- Stergios Skaperdas, 1996. "Contest success functions (*)," Economic Theory, Springer;Society for the Advancement of Economic Theory (SAET), vol. 7(2), pages 283-290.
- Skaperdas, Stergios, 1996. "Contest Success Functions," Economic Theory, Springer;Society for the Advancement of Economic Theory (SAET), vol. 7(2), pages 283-290, February.
- Hyde, Charles E. & Williams, Philip L., 2002. "Necessary costs and expenditure incentives under the English rule," International Review of Law and Economics, Elsevier, vol. 22(2), pages 133-152, August.
- Farmer, Amy & Pecorino, Paul, 1999. "Legal Expenditure as a Rent-Seeking Game," Public Choice, Springer, vol. 100(3-4), pages 271-288, September.
- Carbonara Emanuela & Parisi Francesco & von Wangenheim Georg, 2015. "Rent-Seeking and Litigation: The Hidden Virtues of Limited Fee Shifting," Review of Law & Economics, De Gruyter, vol. 11(2), pages 113-148, July. Full references (including those not matched with items on IDEAS)
When requesting a correction, please mention this item's handle: RePEc:acb:cbeeco:2017-651. See general information about how to correct material in RePEc.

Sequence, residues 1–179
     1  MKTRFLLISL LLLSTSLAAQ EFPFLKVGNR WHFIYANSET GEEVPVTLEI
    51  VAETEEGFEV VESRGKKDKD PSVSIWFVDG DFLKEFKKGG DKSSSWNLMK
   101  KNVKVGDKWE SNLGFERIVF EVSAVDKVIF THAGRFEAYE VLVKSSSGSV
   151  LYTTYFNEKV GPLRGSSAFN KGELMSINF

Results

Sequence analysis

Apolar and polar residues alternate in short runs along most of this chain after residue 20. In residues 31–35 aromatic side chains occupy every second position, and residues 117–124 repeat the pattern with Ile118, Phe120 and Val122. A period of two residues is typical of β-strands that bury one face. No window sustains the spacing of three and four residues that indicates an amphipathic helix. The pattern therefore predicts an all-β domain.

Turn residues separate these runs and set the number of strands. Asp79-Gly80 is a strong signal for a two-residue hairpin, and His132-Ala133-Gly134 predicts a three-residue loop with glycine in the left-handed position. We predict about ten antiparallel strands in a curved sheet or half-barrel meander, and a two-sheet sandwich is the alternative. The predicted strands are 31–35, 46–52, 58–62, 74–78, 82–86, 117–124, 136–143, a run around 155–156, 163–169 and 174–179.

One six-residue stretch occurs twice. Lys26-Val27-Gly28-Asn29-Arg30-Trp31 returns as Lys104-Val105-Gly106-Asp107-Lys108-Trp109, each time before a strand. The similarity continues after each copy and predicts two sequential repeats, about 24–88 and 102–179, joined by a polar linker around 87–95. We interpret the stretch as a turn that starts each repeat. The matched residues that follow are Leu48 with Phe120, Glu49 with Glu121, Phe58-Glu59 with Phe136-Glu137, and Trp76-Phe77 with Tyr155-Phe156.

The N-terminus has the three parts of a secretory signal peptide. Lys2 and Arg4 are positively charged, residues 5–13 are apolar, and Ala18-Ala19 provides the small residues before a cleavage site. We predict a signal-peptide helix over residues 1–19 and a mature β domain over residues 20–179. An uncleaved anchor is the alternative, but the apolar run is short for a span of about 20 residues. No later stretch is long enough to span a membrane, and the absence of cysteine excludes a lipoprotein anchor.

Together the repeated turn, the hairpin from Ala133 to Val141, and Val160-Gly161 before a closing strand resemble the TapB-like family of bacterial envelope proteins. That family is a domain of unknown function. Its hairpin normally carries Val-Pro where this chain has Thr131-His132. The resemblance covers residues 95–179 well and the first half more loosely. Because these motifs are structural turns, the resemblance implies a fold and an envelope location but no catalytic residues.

For technical questions regarding this item, or to correct its authors, title, abstract, bibliographic or download information, contact: ()
If you have authored this item and are not yet registered with RePEc, we encourage you to do it here. This allows to link your profile to this item. It also allows you to accept potential citations to this item that we are uncertain about.
If references are entirely missing, you can add them using this form.
If the full references list an item that is present in RePEc, but the system did not link to it, you can help with this form.
If you know of missing items citing this one, you can help us creating those links by adding the relevant references in the same way as above, for each refering item. If you are a registered author of this item, you may also want to check the "citations" tab in your profile, as there may be some citations waiting for confirmation.
Please note that corrections may take a couple of weeks to filter through the various RePEc services.